“I think the talk about food deserts provides a good place to start and a concept that is easy to understand,” Berle said. “Everyone recognizes the connection between food, health and wealth.”


Green to be color for Clarke County plant services

By Keith Llado

The Clarke County plant services and custodial operations department is looking forward to new green cleaning technologies, recycling programs and building renovations now that the office’s new executive director is in place.
The Clarke County School District recently decided to merge these two, formerly separate departments. Kimberly Thomas accepted her position as executive director in September of last year.
Thomas is the first executive director to oversee the joint department.
Thomas, a Georgia native, received her high school education from Clarke Central High School—something that made her decision to accept the position easy.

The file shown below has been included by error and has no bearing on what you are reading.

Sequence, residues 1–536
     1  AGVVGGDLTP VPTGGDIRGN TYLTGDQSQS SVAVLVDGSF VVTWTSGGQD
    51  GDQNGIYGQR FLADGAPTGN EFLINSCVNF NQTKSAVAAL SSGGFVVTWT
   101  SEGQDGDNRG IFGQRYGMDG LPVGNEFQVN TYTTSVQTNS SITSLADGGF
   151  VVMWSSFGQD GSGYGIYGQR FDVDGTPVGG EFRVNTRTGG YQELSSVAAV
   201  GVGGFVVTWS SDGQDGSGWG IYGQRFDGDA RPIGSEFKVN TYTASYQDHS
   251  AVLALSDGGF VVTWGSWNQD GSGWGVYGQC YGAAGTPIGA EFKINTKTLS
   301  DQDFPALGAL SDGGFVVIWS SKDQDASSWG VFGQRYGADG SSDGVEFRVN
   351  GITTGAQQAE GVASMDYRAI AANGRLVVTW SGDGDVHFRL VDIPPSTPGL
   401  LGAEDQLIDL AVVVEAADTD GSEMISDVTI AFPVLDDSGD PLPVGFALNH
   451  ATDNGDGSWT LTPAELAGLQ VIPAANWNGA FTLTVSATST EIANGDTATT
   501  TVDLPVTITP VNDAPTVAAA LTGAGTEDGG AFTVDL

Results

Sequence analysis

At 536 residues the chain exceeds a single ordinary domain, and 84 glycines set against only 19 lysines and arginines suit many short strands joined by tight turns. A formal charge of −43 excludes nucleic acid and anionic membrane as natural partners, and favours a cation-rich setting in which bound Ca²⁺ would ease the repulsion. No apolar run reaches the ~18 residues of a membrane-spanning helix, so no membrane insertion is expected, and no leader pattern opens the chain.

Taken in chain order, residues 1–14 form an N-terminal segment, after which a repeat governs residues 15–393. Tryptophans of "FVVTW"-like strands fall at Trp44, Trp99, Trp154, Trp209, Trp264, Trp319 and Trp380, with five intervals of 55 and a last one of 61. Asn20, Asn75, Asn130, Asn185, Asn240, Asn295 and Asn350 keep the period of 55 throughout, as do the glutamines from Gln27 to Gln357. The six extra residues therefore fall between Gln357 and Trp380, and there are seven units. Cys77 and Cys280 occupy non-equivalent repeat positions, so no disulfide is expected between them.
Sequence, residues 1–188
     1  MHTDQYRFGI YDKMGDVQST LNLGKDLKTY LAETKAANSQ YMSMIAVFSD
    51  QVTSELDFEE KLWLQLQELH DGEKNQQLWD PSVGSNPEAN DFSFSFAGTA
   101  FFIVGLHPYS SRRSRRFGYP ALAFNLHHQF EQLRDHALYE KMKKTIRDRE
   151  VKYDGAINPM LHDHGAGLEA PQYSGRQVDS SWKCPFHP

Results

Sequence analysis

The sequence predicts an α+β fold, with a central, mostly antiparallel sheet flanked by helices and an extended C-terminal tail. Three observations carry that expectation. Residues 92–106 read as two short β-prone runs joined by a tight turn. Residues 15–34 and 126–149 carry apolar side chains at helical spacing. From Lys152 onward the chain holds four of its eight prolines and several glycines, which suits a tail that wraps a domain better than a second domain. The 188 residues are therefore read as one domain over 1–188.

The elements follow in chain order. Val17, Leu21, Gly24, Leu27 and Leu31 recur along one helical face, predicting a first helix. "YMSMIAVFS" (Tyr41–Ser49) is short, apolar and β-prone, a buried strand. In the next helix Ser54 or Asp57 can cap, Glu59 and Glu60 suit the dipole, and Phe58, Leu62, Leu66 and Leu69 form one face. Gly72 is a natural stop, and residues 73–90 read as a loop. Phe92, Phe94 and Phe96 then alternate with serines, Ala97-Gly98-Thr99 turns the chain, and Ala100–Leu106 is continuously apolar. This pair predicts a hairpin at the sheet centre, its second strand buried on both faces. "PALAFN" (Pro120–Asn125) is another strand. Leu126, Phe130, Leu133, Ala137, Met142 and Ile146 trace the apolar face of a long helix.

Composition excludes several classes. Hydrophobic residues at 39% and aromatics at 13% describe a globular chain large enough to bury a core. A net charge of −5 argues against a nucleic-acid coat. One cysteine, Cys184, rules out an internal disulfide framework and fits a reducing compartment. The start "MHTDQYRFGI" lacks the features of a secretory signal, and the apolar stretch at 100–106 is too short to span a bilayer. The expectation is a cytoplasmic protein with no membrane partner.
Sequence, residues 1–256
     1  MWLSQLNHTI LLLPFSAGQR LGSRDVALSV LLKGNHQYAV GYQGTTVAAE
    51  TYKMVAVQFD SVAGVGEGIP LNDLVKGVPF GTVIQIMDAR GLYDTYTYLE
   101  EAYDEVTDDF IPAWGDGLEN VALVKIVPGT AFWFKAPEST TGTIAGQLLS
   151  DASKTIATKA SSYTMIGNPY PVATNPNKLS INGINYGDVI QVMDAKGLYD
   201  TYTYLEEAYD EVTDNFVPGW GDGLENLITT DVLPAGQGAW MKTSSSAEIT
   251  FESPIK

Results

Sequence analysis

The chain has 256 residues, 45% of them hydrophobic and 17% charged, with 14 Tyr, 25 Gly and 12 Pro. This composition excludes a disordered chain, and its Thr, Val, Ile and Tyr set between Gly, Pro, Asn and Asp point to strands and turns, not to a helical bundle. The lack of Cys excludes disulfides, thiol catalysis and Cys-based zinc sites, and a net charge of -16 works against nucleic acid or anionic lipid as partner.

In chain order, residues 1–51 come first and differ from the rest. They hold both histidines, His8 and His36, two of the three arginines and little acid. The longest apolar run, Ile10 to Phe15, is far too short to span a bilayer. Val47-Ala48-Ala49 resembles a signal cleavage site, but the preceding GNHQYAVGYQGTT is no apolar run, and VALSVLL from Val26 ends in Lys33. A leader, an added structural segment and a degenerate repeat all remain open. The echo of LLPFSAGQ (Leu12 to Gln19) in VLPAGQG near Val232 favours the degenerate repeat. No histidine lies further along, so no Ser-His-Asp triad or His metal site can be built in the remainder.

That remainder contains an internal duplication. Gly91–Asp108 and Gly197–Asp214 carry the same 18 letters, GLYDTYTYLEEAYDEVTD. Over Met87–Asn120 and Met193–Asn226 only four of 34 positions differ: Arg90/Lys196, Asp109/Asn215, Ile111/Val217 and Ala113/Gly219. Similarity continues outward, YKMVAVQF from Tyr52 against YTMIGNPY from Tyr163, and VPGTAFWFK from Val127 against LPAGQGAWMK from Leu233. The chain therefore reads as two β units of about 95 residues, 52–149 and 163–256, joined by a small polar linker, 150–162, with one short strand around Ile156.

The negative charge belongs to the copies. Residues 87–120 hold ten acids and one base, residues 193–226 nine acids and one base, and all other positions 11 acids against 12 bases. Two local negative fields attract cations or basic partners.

“When the position came up, it was almost a no-brainer to go back and work in the school district where you actually attended,” Thomas said.
Thomas is increasing efforts to implement green cleaning technologies and practices in Clarke County schools, according to a Banner-Herald report.
The program calls for the use of water, hydrogen peroxide and cleaning concentrates over harsh chemical cleaners that contain chlorine or ammonia. The focus is to provide better indoor air quality, a safer working and learning environment and more efficient and cost-effective building systems, Thomas said.
These factors contribute heavily to students’ academic success.
“When students, not just college students, but children are in healthy buildings, aesthetically pleasing buildings, they can learn more,” Thomas said.